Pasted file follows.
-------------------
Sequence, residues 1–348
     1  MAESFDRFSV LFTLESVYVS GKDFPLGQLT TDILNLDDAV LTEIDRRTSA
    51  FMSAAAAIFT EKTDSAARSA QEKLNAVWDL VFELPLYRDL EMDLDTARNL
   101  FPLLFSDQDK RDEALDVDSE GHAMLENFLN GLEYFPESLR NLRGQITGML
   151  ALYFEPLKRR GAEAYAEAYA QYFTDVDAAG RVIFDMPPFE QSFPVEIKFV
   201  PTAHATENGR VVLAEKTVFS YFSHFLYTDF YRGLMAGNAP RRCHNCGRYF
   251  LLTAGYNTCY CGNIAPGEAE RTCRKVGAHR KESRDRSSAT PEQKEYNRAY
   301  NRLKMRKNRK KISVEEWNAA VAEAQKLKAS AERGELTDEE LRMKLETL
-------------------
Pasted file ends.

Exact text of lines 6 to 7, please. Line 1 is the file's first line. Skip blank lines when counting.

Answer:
   201  PTAHATENGR VVLAEKTVFS YFSHFLYTDF YRGLMAGNAP RRCHNCGRYF
   251  LLTAGYNTCY CGNIAPGEAE RTCRKVGAHR KESRDRSSAT PEQKEYNRAY